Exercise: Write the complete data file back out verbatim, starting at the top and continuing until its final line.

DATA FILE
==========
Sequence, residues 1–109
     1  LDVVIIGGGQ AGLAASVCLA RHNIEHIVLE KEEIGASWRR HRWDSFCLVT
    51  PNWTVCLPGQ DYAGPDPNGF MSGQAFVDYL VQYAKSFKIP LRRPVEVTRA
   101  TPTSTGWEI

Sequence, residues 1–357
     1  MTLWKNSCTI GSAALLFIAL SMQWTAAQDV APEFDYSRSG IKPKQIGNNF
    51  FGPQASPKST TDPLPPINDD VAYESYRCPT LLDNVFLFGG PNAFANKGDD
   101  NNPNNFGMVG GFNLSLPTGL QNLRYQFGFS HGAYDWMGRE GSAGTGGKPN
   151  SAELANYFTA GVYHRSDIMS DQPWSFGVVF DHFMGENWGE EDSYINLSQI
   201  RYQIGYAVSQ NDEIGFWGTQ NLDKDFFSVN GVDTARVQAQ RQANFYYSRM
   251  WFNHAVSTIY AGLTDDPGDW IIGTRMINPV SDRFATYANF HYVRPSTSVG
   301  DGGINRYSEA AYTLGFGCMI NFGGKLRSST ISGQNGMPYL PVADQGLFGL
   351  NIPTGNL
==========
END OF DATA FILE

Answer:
Sequence, residues 1–109
     1  LDVVIIGGGQ AGLAASVCLA RHNIEHIVLE KEEIGASWRR HRWDSFCLVT
    51  PNWTVCLPGQ DYAGPDPNGF MSGQAFVDYL VQYAKSFKIP LRRPVEVTRA
   101  TPTSTGWEI

Sequence, residues 1–357
     1  MTLWKNSCTI GSAALLFIAL SMQWTAAQDV APEFDYSRSG IKPKQIGNNF
    51  FGPQASPKST TDPLPPINDD VAYESYRCPT LLDNVFLFGG PNAFANKGDD
   101  NNPNNFGMVG GFNLSLPTGL QNLRYQFGFS HGAYDWMGRE GSAGTGGKPN
   151  SAELANYFTA GVYHRSDIMS DQPWSFGVVF DHFMGENWGE EDSYINLSQI
   201  RYQIGYAVSQ NDEIGFWGTQ NLDKDFFSVN GVDTARVQAQ RQANFYYSRM
   251  WFNHAVSTIY AGLTDDPGDW IIGTRMINPV SDRFATYANF HYVRPSTSVG
   301  DGGINRYSEA AYTLGFGCMI NFGGKLRSST ISGQNGMPYL PVADQGLFGL
   351  NIPTGNL